Andrew: I wasn't singling you out or anything. You live in Japan and have worked with the tuners so I figured if any hardcore engineer would get it, it would be you. That was more for the guys like that really smart "bro" above.

Mr. Nakajima from Voltex put this up on the FB link to this discussion. In this video, the owner of Top Fuel Mr. Hirano, breaks down his reason for keeping the stock unibody. His reasoning is business motivated of course, but that is what Time Attack was originally for. Tuning shops campaigned cars and subsequently gained business from the results. So before anybody starts criticizing Hirano's reasoning, just remember that in Japan, Time Attack is a form of marketing for a tuning shop and not truly a professional race. It is sustainable because the teams receive income in the form of increased business. You Aussies and Americans need to understand that Japan is primarily a "DO IT FOR ME" as opposed to a DIY economy so that is why there are so many damn tuning shops throughout Japan. Time Attack in Japan does not rely on those with large sums of disposable income who need a tax write off for their business. That's not a bad thing, but that limits the program to be only as sustainable as the business is or until the owner realizes a Pro class Time Attack car is a giant burning hole in his pocket without a chance in hell for large sponsorship programs.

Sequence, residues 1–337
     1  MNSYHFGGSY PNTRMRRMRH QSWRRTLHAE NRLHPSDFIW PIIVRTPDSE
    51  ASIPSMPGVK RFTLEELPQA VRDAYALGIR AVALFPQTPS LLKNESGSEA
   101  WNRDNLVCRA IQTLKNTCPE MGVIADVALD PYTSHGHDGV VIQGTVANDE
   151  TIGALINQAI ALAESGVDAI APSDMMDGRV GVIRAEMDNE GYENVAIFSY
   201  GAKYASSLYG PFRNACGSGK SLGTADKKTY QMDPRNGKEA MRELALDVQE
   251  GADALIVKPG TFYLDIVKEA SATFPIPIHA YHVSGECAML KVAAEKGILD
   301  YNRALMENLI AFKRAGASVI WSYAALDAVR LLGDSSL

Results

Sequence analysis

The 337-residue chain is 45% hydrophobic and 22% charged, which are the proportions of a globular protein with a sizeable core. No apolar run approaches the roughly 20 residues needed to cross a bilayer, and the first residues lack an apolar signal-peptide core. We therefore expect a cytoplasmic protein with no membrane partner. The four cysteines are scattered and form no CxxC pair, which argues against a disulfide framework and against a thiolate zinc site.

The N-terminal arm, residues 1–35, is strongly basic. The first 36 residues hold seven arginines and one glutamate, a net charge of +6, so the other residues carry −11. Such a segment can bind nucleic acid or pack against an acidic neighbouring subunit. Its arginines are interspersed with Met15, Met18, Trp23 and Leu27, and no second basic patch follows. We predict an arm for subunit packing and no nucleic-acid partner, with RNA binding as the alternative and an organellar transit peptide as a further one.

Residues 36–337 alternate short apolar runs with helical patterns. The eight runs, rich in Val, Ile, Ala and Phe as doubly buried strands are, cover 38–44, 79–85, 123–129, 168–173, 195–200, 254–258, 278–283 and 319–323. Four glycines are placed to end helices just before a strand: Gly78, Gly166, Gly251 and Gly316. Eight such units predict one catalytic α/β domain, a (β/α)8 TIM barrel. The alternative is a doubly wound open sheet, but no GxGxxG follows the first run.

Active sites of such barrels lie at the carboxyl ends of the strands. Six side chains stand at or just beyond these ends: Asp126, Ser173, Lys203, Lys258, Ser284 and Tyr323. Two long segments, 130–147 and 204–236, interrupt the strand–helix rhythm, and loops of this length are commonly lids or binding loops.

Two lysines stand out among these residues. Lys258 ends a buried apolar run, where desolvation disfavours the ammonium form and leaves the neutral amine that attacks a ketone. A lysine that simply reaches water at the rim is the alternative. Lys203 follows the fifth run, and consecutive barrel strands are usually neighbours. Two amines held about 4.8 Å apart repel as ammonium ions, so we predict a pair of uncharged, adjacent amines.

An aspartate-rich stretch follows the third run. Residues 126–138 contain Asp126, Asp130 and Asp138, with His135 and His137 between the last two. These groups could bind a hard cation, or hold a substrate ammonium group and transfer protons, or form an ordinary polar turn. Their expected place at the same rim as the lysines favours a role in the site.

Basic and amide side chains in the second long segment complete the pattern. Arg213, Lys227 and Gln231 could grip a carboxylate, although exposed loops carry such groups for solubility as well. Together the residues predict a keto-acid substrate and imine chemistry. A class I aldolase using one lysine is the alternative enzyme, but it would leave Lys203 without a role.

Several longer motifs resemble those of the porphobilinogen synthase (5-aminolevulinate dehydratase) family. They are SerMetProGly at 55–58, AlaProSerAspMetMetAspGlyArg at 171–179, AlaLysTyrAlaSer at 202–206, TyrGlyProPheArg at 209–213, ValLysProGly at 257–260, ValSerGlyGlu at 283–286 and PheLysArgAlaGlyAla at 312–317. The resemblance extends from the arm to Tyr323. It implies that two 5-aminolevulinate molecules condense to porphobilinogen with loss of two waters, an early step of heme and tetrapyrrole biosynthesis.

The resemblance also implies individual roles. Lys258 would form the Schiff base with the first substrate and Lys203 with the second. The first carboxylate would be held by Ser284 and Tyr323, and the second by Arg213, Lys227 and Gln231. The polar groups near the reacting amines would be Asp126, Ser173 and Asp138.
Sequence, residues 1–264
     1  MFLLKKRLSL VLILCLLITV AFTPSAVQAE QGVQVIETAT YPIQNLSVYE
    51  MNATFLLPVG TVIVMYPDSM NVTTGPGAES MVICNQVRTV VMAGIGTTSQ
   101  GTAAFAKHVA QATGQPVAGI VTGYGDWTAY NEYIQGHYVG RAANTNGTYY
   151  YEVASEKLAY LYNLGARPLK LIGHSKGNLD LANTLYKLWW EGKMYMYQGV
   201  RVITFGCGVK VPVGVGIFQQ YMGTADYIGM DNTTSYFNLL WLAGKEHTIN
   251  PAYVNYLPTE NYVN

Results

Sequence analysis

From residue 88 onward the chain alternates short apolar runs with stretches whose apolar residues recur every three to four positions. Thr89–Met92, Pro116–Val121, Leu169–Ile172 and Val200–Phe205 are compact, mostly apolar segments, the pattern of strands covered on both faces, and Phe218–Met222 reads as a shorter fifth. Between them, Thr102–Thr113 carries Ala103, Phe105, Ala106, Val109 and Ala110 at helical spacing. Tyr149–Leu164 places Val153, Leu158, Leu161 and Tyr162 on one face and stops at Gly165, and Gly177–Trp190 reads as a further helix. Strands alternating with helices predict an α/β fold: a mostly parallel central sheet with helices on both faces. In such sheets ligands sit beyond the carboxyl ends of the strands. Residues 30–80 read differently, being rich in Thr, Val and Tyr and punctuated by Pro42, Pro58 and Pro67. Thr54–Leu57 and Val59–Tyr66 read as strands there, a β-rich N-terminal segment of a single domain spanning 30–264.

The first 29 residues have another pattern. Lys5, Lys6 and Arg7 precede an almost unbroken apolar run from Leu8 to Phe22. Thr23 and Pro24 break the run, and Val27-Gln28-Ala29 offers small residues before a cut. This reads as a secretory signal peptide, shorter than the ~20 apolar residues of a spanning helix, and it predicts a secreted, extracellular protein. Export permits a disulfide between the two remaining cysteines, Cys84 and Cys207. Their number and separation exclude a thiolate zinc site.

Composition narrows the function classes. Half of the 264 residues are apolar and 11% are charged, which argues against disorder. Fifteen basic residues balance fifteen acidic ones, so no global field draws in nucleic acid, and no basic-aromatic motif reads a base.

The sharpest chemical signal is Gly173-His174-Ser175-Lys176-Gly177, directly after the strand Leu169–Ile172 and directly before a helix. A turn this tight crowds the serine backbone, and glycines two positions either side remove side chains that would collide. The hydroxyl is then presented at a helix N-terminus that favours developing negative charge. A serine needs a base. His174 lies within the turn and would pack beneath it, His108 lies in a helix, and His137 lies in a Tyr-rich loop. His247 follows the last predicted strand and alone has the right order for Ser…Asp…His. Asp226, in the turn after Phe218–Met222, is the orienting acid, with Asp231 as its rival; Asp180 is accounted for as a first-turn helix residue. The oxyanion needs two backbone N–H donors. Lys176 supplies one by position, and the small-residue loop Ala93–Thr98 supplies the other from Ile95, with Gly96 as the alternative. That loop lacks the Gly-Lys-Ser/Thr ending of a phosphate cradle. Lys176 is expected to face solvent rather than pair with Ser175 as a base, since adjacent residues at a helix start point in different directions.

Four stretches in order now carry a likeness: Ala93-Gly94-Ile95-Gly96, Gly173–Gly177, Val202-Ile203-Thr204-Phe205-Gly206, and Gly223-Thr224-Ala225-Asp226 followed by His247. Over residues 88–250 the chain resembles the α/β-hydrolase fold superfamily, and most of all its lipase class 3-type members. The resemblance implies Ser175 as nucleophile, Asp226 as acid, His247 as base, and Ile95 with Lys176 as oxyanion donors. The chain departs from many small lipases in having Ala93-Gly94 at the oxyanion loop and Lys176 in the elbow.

Obviously Time Attack in Australia has now evolved into a world class event. Is it a "Pro" motorsport? Perhaps to some. Do the rules need to evolve with the growth? Some of us think so. But the day it becomes "Pro" and the rules change, I really don't think it would truly be Time Attack anymore either. It'll be faux-qualifying time trials for race cars that do not fit within any class of racing...aka "Outlaws".